ST. PAUL (WCCO) — Hundreds of voices on both sides of the frac sand mining debate crammed into a state capitol hearing room. There were so many, in fact, that a second room was set aside to accommodate the overflow crowd of spectators.
Largely residents of southeastern Minnesota counties who were hoping to bend lawmakers’ ears.
The legislature is being asked to decide whether more state regulation is necessary to help guide the safety of this fast growing and highly controversial industry.
Opponents like Bobby King say, “we want a state moratorium on the impacted communities while these permits are being figured out.”
The southeastern part of the state has the precise geologic formations making it rich with crystalline silica sand. That particular sand is extremely fine and in high demand by gas and oil drillers who use it to fracture their wells to suck out more oil and gas.
Still, residents like Kelley Stanage are concerned. She worries about the carcinogenic effects of silica sand when it becomes airborne.
‘”OSHA regulates frac sand in the workplace but no standards or regulations for outside. Ambient dust particles that float through the air,” said Stanage.
Opponents, such as Stanage, say local regulations and permits are not enough. They fear the combined health and environmental impacts from dust, excess truck traffic and the industry’s tremendous thirst for ground water to help wash the mined sand.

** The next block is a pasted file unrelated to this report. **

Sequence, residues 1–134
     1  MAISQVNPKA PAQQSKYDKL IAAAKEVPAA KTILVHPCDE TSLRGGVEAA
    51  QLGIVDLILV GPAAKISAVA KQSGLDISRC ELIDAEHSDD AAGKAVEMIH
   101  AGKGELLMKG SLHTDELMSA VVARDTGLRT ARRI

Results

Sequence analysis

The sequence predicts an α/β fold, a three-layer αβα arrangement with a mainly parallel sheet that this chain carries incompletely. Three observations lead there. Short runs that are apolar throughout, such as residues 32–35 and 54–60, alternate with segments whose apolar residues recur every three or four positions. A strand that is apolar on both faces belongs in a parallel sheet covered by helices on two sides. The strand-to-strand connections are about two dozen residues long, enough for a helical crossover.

However, for those in the aggregate industry, frac sand mining is creating badly needed jobs for the region and putting dollars into city and county coffers.
“In 2010, our sales were down and everybody thought this is a great way for us to have jobs again,” said Mike Caron with the Tiller Corporation.
Meanwhile, opponents are calling for a statewide moratorium until broader environmental impact studies can be done.
To that, industry representatives told a joint panel of lawmakers, that frac sand mining is a local issue that is governed under local zoning and land use ordinances.
“All these state standards have been developed with the goal of protecting and preserving our environment and health,” said Kirsten Pauly, of the Minnesota Industrial Sand Council.
Tuesday’s testimony gave lawmakers broader understanding of how frac sand mining is impacting Minnesota communities and the region’s economy. They will use the testimony to help mold expected legislation concerning broader state regulations of frac sand mining.
The first bill is expected to be introduced by State Senator Matt Schmit, (DFL-Red Wing) later this week.